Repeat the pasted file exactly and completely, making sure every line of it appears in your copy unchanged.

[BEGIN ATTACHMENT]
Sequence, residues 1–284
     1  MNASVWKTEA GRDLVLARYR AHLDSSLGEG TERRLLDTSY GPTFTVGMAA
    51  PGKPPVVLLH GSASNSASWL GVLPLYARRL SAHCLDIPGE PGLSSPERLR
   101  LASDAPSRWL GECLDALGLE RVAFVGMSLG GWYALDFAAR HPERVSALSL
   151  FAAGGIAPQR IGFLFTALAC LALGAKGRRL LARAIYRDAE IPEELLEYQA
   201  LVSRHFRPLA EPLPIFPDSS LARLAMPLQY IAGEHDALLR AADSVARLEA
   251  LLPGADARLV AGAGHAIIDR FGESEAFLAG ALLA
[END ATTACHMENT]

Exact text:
Sequence, residues 1–284
     1  MNASVWKTEA GRDLVLARYR AHLDSSLGEG TERRLLDTSY GPTFTVGMAA
    51  PGKPPVVLLH GSASNSASWL GVLPLYARRL SAHCLDIPGE PGLSSPERLR
   101  LASDAPSRWL GECLDALGLE RVAFVGMSLG GWYALDFAAR HPERVSALSL
   151  FAAGGIAPQR IGFLFTALAC LALGAKGRRL LARAIYRDAE IPEELLEYQA
   201  LVSRHFRPLA EPLPIFPDSS LARLAMPLQY IAGEHDALLR AADSVARLEA
   251  LLPGADARLV AGAGHAIIDR FGESEAFLAG ALLA